Teaching History With Podcasts (#AHA19)

lakemacher

I am happy to have Matt Lakemacher writing for us this weekend from the annual meeting of the American Historical Association in Chicago.  Matt is one of the most engaged middle school teachers I know.  He teaches at Woodland Middle School in Gurnee, Illinois and is a veteran of numerous summer history seminars and institutes.  Here is his first dispatch:

Can podcasting help to stem the tide of declining enrollment in history departments?  For the panelists and audience members in an opening American Historical Association roundtable today on “History Podcasting as Graduate Students,” the answer was a resounding, if qualified, yes.  Producers and hosts from two historical podcasts, Sexing History and The Way of Improvement Leads Home, gave brief remarks on their experiences with history podcasting and then opened it up for audience members to share the ways that they’ve used podcasts in the classroom and with students.  In the end, it became clear that while podcasting (as well as blogging) might not be the silver bullet that saves history education, it can be another tool in the history teacher’s arsenal to make the subject relevant, keep students’ interest, and in jargon that all K-12 educators know their administrators want to hear: promote 21st century skills.

Two dual themes emerged from the panel: podcasting is good for history and history is good for podcasting.  Each panelist related in one way or another how working on a podcast actually improved their work as grad students and as historians.  According to Saniya Lee Ghanoui, podcasting with Sexing History taught her the importance of story-telling and has greatly improved her dissertation writing.  In a similar vein, Devin McGeehan Muchmore shared how blogging for Notches and working on Sexing History got him to think about ways of narrating the past outside of the traditional historical monograph or journal article.  And Drew Dyrli Hermeling credited his work on The Way of Improvement Leads Home with getting a job at the Digital Harrisburg Project. As a whole, the panel embraced the role that podcasting can play in public history – bringing the past to those outside of the academy (although it was conceded that podcasting is still very much a niche medium and can be somewhat of an echo chamber).  Ghanoui offered some advice to her fellow grad students: “It does take away time from your dissertation . . . but it’s a welcome distraction.”  She added, “I love how collaborative it is . . . it is worth it.”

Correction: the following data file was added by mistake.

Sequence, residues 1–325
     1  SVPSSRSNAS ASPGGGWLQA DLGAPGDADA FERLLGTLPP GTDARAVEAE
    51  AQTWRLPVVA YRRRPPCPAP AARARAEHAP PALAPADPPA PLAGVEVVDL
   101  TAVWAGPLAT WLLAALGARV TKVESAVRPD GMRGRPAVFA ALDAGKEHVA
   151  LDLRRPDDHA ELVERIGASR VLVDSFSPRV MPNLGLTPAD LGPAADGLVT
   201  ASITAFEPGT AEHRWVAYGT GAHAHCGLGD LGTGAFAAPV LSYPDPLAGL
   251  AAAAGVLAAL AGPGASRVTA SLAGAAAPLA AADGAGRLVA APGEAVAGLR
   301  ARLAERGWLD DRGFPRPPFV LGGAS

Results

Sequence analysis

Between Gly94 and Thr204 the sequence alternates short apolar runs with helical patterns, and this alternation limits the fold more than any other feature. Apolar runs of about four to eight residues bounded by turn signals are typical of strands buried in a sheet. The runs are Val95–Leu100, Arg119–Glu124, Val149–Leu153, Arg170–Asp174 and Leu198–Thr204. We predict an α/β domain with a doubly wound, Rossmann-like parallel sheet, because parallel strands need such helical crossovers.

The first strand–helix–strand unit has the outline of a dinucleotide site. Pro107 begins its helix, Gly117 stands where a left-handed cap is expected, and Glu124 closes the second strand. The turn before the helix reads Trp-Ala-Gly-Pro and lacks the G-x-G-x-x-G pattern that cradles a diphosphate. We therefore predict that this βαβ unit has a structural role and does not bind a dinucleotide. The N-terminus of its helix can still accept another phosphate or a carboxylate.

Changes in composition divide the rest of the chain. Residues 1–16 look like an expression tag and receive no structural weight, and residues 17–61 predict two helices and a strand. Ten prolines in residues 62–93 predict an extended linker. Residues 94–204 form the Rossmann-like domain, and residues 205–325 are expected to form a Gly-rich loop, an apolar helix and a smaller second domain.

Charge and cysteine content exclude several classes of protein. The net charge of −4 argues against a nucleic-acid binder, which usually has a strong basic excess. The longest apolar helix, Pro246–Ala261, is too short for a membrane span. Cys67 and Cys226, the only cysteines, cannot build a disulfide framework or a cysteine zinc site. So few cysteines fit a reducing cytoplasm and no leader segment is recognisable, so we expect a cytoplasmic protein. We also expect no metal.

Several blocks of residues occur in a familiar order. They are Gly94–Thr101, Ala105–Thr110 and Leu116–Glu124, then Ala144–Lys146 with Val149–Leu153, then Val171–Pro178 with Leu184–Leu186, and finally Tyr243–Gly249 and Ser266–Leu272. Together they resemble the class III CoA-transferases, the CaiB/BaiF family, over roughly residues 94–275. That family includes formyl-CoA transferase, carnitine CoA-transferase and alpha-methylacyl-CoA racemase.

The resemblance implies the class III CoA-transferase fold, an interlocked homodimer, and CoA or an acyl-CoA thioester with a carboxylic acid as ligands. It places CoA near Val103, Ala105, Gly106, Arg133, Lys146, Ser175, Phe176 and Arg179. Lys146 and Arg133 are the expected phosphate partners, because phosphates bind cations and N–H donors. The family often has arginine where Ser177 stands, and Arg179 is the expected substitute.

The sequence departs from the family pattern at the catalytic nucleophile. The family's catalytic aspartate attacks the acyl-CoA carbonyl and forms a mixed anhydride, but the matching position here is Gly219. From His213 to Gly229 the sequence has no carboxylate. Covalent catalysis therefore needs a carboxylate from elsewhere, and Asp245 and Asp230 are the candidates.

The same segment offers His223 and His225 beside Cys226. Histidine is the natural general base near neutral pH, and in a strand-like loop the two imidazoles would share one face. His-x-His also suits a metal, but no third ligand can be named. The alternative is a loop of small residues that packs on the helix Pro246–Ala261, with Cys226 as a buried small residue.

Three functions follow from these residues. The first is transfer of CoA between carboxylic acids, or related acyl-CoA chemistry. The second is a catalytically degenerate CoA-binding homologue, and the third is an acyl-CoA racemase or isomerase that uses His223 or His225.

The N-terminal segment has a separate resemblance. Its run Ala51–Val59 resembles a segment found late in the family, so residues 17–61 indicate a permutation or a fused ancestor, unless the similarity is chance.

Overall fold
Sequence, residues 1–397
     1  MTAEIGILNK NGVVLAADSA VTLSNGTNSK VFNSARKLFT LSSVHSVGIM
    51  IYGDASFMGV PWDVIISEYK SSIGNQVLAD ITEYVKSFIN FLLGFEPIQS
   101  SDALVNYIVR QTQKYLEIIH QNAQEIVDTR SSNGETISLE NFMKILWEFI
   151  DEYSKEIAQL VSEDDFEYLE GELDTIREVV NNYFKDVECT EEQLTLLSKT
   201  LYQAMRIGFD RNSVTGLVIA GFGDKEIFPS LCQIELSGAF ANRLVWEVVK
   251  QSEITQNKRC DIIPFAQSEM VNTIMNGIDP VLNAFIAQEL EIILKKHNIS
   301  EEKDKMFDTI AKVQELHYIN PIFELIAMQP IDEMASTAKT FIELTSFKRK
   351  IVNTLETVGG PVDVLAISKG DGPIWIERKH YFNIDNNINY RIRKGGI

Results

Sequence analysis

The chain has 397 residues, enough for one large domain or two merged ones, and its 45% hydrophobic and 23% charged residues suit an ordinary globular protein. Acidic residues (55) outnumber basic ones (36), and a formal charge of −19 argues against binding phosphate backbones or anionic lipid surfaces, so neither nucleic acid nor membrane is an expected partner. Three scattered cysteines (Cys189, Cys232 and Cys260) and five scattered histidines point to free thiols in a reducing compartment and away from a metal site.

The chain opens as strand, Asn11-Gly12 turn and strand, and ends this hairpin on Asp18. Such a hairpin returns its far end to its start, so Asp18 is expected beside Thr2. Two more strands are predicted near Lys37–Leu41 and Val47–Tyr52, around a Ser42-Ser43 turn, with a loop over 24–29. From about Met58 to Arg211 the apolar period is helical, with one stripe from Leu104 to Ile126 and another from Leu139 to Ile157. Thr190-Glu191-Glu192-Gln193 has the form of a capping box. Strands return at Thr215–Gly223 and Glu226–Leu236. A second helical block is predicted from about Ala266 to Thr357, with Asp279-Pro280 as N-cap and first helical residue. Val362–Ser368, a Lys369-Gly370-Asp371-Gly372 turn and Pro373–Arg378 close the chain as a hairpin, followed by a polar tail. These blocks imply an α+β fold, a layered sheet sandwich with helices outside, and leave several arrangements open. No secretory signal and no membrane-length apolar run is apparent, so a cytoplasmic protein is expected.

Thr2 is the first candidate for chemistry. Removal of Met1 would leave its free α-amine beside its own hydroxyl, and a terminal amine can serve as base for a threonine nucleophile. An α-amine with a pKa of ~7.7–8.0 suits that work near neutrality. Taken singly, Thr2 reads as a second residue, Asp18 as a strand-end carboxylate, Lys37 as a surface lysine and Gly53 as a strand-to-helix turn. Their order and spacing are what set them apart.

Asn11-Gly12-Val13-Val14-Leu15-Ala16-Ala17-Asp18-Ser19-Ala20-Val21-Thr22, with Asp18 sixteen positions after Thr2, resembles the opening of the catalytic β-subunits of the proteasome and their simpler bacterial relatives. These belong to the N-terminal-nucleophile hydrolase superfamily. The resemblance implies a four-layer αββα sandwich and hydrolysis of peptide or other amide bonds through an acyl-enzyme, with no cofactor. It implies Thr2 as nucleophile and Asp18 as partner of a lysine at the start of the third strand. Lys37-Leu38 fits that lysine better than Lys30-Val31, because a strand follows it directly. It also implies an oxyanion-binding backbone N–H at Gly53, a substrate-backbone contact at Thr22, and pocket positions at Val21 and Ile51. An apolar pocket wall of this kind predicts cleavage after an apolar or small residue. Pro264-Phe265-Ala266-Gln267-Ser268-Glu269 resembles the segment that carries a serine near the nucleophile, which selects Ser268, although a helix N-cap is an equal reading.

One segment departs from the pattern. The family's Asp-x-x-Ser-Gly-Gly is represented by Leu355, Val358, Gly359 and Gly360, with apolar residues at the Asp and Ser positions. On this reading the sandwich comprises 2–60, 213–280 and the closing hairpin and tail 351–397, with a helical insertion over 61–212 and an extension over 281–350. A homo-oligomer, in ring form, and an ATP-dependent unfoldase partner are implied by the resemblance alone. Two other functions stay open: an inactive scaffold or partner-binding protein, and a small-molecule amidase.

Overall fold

Hermeling set the table for the audience discussion that followed and the pivot to history being good for podcasting, by sharing how he had students in his J-Term class on indigenous culture at Messiah College create a podcast as one option for a project assignment.  He, as well as the audience, made clear that audio quality and production values should not be heavily weighted on any rubric used for grading such an assignment.  But Hermeling was surprised by the quality of the research and sources that students used in their podcast.  “It’s a good way of tricking them into using a lot of citations.”  One audience member admitted that compared to other assignments, grading student podcasts was a pleasure.  Another said that Wisconsin Public Radio was looking to possibly use some of his students’ short pieces on the air.  And everyone who shared during the session had positive experiences doing a podcasting assignment in class, thought the students were engaged, and plan on doing them again.

So, can podcasting turn around sagging interest in history as a K-12 subject and as a major?  Perhaps the jury is still out.  But if it provides another way of getting students to apply historical thinking skills to a (relatively) new technology and opens another venue for bringing historical literacy to the public at large, then it’s an effort well worth pursuing.  As the roundtable’s chair and host of Sexing History Lauren Gutterman stated, “graduate students are at the forefront of history podcasting,” and for that this history teacher and fellow grad student is grateful.  Of course, as Hermeling put it in one final word of advice for potential history podcasters, “At the risk of being flippant, I’d go the Sexing History route.”

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